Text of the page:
A Comic Panel Far Far Away: The Emperor’s Fist Strikes In ‘Age Of Rebellion: Darth Vader’

by Tony Thornley
Cover by Terry and Rachel Dodson

Darth Vader was once a fearsome figure. He was a dark harbinger of death, and a grim omen for any character in science fiction that crossed him. However, over the years sales of plush Sith Lords, theme park commercials, and hip-hop dance offs took the edge off the character. However, in the last six years, Marvel has restored that edge, and this week we’re going to take a look at one of those frightening stories.

Last year, Marvel released three series of one-shots, spotlighting characters in each of the major eras of Star Wars. In Age of Rebellion Greg Pak highlighted the heroes and villains of the original movies. It was easy to see from Darth Vader, with Ramon Bachs, Stephane Paitreau, and Travis Lanham, exactly why Pak was later hired to relaunch the Sith Lord’s spotlight series earlier this year.

After one of the Dark Lord’s missions apparently goes awry, Vader is ordered to follow every order of the Imperial Governor he wronged. The petty bureaucrat allows that power to go to his head. However, he is about to learn a lesson about why you shouldn’t cross a Sith Lord.

This is a standard length one-shot, but Pak fills it with detail and worldbuilding. This isn’t the Vader of the original trilogy, but a younger, more brash Sith. He writes a Vader that’s halfway between the angry young Jedi of the second Vader series, and the effective force of nature from Marvel’s first series. He’s completely unstoppable, and Pak makes it clear this isn’t a person you want to cross.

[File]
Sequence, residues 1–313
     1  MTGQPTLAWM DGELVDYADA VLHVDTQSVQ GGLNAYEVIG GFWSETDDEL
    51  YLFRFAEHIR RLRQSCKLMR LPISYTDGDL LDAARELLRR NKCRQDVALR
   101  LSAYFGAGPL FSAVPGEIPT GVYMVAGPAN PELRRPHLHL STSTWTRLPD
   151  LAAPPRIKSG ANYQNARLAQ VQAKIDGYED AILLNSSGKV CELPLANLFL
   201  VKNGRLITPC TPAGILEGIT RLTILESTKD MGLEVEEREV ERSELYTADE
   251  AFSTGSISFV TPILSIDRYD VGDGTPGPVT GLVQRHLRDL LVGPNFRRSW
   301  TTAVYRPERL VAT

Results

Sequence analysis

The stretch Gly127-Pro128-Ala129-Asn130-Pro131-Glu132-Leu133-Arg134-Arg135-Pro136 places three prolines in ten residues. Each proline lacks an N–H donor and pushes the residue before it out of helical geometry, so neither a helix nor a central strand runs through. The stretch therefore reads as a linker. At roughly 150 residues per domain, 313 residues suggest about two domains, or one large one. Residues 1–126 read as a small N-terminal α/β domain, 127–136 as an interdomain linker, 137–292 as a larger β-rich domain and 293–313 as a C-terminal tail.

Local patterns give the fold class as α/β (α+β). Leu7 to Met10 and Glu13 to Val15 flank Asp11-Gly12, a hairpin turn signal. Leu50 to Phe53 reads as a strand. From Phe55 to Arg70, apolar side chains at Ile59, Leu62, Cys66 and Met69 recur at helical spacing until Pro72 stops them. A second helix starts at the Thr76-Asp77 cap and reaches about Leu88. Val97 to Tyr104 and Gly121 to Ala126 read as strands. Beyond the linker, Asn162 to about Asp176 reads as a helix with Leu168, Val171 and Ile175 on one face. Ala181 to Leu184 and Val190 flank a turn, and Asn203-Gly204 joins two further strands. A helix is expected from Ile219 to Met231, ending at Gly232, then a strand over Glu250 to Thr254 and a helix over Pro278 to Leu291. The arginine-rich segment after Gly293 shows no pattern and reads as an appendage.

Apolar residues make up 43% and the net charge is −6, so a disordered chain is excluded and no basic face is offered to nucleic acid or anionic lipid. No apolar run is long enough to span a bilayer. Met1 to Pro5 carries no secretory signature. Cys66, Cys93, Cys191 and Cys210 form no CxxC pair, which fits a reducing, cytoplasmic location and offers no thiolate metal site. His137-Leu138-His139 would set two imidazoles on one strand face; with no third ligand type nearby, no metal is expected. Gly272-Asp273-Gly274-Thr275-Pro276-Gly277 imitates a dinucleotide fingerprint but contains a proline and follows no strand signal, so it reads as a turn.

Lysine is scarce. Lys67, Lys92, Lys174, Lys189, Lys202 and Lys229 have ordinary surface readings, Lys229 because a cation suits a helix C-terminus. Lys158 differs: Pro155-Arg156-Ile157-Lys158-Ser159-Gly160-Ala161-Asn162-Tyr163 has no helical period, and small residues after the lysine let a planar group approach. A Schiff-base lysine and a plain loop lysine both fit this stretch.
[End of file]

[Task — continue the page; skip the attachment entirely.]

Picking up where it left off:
Bachs’ line work is straightforward, but he makes the characters around Vader extremely expressive. For Vader himself though he uses small tricks to get the mood across, such as simple bits of body language, and focusing on small quirks of his body language. But where his art shines is in the splash pages, showing Vader at his terrifying heights, mowing through droids, battalions of soldiers and even monsters. The only disappointing thing about this story is that it’s so short, and we don’t get more of Bachs’ fantastic Dark Lord.

The entire “Ages” line was worth checking out but this issue is one of the standouts. We get to see the greatest science fiction villains of all time at the height of his power, and that’s worth it on its own.

This one shot is still readily available at your local comic shop and is available digitally. It was also collected in Star Wars Age of Rebellion Villains and Star Wars: Age of Rebellion in print and digital formats.

We’d like to ask, on behalf of our friends and colleagues that own and are employed by comic shops, that you first try to get these books at your local shop. This is a very uncertain time for owners, employees, and their families. Show some love for your community and friends by buying from your regular shop when possible and safe.

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